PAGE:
I have already condemned, in unequivocal terms, the statements of Reverend Wright that have caused such controversy. For some, nagging questions remain. Did I know him to be an occasionally fierce critic of American domestic and foreign policy? Of course. Did I ever hear him make remarks that could be considered controversial while I sat in church? Yes. Did I strongly disagree with many of his political views? Absolutely – just as I’m sure many of you have heard remarks from your pastors, priests, or rabbis with which you strongly disagreed.

But the remarks that have caused this recent firestorm weren’t simply controversial. They weren’t simply a religious leader’s effort to speak out against perceived injustice. Instead, they expressed a profoundly distorted view of this country – a view that sees white racism as endemic, and that elevates what is wrong with America above all that we know is right with America; a view that sees the conflicts in the Middle East as rooted primarily in the actions of stalwart allies like Israel, instead of emanating from the perverse and hateful ideologies of radical Islam.

Sorry Candidate Obama, you can condemn, you can castigate, you can denounce, you can criticize Wright's rants all you like. I will always answer this with one phrase: Twenty years. For twenty years, you sat in the pews of Trinity United Church of Christ listening to Wright's crap, tithing thousands of dollars to this church, having the revagogue Wright himself marry you to your wife Michelle, having the revagogue Wright himself baptize your children. Sorry Obama, but you entered into a voluntary relationship with this creep and you never repudiated anything he said until it became politically necessary. And you never did leave the church.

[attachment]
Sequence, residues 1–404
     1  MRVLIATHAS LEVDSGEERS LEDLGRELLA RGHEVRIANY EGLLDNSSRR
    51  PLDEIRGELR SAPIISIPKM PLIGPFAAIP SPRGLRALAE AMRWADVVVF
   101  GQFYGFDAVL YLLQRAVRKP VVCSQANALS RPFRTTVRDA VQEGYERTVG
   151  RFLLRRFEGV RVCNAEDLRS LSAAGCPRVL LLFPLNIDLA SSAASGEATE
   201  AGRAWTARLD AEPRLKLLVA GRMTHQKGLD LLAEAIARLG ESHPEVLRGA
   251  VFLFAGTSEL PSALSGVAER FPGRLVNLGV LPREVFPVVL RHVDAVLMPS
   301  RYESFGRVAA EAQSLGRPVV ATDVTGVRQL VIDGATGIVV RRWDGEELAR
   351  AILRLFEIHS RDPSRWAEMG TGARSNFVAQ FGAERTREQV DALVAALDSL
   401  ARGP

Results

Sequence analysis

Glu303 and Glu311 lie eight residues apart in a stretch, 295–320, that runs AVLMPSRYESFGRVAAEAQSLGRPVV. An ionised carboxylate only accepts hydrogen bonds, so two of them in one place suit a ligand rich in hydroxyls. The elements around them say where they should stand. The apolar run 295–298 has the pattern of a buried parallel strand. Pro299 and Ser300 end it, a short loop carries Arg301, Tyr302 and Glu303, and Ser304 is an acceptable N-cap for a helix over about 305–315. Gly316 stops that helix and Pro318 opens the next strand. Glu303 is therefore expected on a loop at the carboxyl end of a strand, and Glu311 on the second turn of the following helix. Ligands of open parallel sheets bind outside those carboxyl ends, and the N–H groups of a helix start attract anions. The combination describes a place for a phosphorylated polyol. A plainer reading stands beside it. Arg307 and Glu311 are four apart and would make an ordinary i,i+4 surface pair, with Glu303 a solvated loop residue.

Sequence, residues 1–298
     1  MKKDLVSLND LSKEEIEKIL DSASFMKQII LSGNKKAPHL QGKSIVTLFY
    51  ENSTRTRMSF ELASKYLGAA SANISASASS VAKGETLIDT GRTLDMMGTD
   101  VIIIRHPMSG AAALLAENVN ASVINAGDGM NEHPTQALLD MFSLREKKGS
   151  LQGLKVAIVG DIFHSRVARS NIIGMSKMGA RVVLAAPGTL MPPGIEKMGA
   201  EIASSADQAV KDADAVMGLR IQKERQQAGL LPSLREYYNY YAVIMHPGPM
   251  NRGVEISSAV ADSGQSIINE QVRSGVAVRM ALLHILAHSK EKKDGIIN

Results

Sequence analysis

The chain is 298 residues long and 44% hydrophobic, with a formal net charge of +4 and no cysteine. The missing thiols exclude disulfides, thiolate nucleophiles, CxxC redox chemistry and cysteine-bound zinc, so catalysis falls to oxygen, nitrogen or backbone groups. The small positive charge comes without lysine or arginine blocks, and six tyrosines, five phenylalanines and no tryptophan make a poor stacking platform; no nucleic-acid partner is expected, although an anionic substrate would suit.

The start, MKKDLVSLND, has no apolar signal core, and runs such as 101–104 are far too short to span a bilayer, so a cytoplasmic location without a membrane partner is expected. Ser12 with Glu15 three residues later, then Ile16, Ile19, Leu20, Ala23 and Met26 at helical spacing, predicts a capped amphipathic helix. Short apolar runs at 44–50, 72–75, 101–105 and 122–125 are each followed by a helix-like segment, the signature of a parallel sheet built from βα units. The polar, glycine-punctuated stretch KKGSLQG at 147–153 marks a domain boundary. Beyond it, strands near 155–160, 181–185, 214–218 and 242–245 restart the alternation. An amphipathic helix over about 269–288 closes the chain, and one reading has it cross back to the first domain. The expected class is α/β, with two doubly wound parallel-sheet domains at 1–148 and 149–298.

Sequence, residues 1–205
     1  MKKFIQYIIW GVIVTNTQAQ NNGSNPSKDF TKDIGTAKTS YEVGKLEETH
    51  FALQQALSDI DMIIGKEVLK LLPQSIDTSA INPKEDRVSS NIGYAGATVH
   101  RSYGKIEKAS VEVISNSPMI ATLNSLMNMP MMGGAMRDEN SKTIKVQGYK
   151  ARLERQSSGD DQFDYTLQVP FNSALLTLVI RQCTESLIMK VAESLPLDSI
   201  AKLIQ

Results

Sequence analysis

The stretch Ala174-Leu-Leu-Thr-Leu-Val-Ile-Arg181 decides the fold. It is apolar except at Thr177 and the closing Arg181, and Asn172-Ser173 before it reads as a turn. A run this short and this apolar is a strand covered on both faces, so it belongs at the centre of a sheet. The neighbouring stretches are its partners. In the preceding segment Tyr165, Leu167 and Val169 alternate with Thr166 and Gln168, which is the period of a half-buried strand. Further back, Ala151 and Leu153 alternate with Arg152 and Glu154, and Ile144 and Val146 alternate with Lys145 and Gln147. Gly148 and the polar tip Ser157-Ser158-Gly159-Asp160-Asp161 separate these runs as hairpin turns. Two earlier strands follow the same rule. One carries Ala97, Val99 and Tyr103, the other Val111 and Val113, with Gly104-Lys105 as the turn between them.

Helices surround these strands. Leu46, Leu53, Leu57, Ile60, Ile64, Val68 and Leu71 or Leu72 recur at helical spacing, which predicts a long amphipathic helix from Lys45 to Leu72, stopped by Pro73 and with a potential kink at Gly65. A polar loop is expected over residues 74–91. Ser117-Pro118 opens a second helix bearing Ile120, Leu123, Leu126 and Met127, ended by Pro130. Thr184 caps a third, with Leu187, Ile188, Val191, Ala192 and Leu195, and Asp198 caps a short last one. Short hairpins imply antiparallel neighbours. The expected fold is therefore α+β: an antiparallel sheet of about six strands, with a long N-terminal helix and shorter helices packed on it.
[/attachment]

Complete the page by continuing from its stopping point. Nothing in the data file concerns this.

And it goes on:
This next quote is where Obama really lost me:
I can no more disown [Reverend Wright] than I can disown the black community. I can no more disown him than I can my white grandmother – a woman who helped raise me, a woman who sacrificed again and again for me, a woman who loves me as much as she loves anything in this world, but a woman who once confessed her fear of black men who passed by her on the street, and who on more than one occasion has uttered racial or ethnic stereotypes that made me cringe.

Wow! Way to throw your grandmother to the wolves in an effort to save your political career. There is one problem with this analogy. You can't choose your relatives. Your grandmother is your grandmother, and there is nothing you can do to change that. Your pastor however is entirely your choice. Yes, you can disown him. Barack Obama should have done so 19 or 20 years ago.